'FORBIDDEN' (a.k.a. 'Scarlet Heaven') (1948)

- A review by Richard Harrison (2008)

I, probably in common with the vast majority of the UK population, didn’t see the film Forbidden(a.k.a. Scarlet Heaven) when it was shown on television back in 1978. A pity- it’s not been shown since, and managed to disappear from the cinematic radar until this 2007 Odeon Entertainment DVD release. It is part of an exciting new collection (dubbed ‘The Best of British’) from Odeon, who have uncovered obscure home-grown movies from film archives and painstakingly restored them for new generations to enjoy. Each title is ascribed a genre (which features in a colour-coded banner at top and bottom of DVD artwork) and it is surprising as to the sheer range- from Northern Comedy to Gothic Horror! As a complement to the film itself, a very informative booklet comes with each title which enables the film to be contextualised and further enjoyed as a result.

Forbidden is notable for being the last film starring Douglass Montgomery (whose c.v. includes such great films as The Cat and the Canary (1939) and The Way To The Stars (1945) before he slipped into television appearances and eventual obscurity until his death. Coincidentally, it was also the last film to be directed by George King (whose first cinematic credit was in 1930, the same year as Montgomery’s first screen appearance) and who died in 1966- bizarrely the same year as Montgomery. Forbidden is resoundingly British throughout, and utilises its Blackpool setting to splendid effect in the same way that Brighton Rock(1947) anchors itself to that seaside town. Generically, Forbidden is a crime thriller with Film Noir elements, and is Hitchcockian in many respects, not least its closing sequence. Made in 1948, Forbidden also resists the temptation to dwell on wartime issues (such as the country’s rebuilding programme) or the knock-on effects of war itself, but actually looks forward to the 1950s in both its style and its content. In short, Forbidden is an extremely well-made curiosity- and just how it has had such a limited exposure remains a mystery.

The plot of the film concerns Jim Harding’s ‘sordid little Hell’ which is revealed in flashback after an eye-catching opening which sees the protagonist determinedly making his way through a fairground. The cheery fair music continuing, Harding confronts his lover Jane Thompson in a final effort to make her understand ‘what was behind it all’ which motivates the film noir-esque flashback. As this narrative chain progresses, two firm strands develop- Jim’s friendship with Jane and his wife Diana’s flirtation with Jerry Burn (brilliantly played by character actor Garry Marsh). This maintains the interest, as the situation as it stands is irreconcilable, prompting action on the part of our characters to resolve or alter the situation. That Jim confesses to the adamant Jane ‘I just can’t lose you’ suggests he is losing his rational self-control, and this is echoed in a memorable montage sequence of subjective realism, the voices from the past returning to haunt him as the images of the fairground swirl about his senses. His resulting actions dominate the remainder of the film, and fill it with several moments of effective suspense and well-handled tension. If Hitchcock had not gone to Hollywood in 1940 at David O. Selznick’s pressing financial request, he might well have made a film such as Forbidden. It really is that good.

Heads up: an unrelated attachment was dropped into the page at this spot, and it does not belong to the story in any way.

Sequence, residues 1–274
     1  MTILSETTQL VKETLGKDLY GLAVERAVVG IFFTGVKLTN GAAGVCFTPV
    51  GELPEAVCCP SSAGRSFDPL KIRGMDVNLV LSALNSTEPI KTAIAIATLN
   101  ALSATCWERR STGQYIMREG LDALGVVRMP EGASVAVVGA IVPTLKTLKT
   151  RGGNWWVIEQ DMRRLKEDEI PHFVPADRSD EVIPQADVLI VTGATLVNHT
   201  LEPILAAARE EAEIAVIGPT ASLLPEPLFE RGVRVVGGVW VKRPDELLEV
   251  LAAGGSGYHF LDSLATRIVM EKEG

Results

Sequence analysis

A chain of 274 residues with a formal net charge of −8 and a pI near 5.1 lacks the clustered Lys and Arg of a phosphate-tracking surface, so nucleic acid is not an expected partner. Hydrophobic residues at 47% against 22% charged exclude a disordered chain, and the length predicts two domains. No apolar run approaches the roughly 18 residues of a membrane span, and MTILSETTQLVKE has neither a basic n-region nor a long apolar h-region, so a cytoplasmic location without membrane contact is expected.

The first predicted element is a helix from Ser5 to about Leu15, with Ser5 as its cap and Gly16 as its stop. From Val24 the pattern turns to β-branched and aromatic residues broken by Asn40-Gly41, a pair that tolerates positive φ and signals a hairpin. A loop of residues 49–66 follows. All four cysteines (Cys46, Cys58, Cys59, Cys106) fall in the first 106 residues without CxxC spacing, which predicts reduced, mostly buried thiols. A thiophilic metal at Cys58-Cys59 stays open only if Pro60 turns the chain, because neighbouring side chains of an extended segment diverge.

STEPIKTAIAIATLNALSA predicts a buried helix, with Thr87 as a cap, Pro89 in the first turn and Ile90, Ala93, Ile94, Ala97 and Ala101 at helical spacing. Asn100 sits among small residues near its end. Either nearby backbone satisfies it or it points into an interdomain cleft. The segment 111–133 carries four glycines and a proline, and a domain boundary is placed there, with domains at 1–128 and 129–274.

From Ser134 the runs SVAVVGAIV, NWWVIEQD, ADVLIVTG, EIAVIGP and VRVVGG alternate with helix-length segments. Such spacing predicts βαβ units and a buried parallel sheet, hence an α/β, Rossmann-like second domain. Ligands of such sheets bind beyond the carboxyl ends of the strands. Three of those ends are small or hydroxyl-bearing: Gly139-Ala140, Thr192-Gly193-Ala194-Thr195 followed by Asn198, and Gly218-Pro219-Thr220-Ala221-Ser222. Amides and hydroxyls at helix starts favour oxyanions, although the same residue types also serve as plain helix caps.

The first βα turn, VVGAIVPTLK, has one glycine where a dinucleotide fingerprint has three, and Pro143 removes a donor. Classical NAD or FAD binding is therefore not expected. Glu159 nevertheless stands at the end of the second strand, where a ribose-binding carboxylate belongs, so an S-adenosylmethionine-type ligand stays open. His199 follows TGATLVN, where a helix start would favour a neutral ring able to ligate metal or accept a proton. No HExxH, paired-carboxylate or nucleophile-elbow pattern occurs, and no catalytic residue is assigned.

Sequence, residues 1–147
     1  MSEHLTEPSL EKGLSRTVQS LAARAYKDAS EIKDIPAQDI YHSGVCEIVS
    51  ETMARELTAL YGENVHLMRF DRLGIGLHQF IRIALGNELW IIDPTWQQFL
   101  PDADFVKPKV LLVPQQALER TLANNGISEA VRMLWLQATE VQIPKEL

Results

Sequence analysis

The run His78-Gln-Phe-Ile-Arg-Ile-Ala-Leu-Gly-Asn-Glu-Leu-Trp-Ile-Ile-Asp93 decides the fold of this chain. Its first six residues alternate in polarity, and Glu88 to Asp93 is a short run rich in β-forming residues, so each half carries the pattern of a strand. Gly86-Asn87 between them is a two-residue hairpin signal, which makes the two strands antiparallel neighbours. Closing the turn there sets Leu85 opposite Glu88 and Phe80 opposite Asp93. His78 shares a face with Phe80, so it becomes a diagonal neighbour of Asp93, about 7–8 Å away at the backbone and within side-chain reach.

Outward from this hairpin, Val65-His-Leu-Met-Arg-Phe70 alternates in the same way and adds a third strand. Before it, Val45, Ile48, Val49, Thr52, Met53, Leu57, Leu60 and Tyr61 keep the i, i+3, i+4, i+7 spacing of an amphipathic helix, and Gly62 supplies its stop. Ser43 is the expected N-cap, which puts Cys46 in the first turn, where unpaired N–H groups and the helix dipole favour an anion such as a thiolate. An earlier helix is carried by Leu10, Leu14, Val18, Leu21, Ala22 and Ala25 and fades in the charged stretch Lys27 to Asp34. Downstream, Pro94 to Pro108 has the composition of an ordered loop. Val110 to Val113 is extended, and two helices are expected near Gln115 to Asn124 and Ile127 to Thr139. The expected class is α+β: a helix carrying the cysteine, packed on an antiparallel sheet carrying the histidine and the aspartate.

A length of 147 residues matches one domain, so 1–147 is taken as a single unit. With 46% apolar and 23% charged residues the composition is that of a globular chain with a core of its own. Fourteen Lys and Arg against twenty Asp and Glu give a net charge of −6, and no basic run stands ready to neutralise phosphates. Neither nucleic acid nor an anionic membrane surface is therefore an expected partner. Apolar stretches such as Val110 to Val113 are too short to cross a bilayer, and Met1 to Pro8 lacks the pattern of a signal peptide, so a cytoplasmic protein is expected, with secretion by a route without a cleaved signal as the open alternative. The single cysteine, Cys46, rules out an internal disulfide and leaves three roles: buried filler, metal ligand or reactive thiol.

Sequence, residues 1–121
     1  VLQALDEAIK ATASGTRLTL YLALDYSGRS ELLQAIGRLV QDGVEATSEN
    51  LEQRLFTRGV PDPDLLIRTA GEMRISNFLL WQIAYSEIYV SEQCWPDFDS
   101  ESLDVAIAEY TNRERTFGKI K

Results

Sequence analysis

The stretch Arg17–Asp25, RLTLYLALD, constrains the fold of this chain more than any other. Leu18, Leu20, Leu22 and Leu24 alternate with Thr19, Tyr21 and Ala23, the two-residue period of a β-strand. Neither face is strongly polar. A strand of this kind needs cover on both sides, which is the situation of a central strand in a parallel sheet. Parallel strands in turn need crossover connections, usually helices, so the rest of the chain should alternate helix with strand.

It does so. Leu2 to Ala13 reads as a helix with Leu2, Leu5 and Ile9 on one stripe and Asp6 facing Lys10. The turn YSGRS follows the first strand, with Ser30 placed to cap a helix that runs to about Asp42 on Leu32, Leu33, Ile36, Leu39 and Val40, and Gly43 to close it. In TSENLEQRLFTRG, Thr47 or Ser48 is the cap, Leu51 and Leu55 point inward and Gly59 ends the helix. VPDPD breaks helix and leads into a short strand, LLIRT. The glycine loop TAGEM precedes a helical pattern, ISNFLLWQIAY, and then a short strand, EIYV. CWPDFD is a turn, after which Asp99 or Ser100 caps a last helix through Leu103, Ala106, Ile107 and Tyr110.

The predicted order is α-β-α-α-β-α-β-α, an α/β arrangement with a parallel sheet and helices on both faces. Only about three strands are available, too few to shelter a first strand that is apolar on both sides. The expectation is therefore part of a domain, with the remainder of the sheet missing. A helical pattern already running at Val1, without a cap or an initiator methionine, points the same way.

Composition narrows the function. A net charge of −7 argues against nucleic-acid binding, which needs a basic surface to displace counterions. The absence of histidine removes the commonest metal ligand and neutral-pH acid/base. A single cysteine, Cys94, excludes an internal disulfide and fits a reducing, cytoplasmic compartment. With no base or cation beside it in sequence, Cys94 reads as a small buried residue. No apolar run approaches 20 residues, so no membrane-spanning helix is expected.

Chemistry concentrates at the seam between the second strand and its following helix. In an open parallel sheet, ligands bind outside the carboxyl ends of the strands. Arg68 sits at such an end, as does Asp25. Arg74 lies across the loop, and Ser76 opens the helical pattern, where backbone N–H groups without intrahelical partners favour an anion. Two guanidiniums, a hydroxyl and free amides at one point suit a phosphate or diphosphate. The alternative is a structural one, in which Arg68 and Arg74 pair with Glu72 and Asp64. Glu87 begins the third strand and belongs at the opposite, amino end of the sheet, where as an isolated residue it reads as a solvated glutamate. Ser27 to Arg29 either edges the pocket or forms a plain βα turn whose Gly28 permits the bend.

‘Forbidden’ (a.k.a. ‘Scarlet Heaven’) is available on DVD from Odeon Entertainment.

Odeon Entertainment website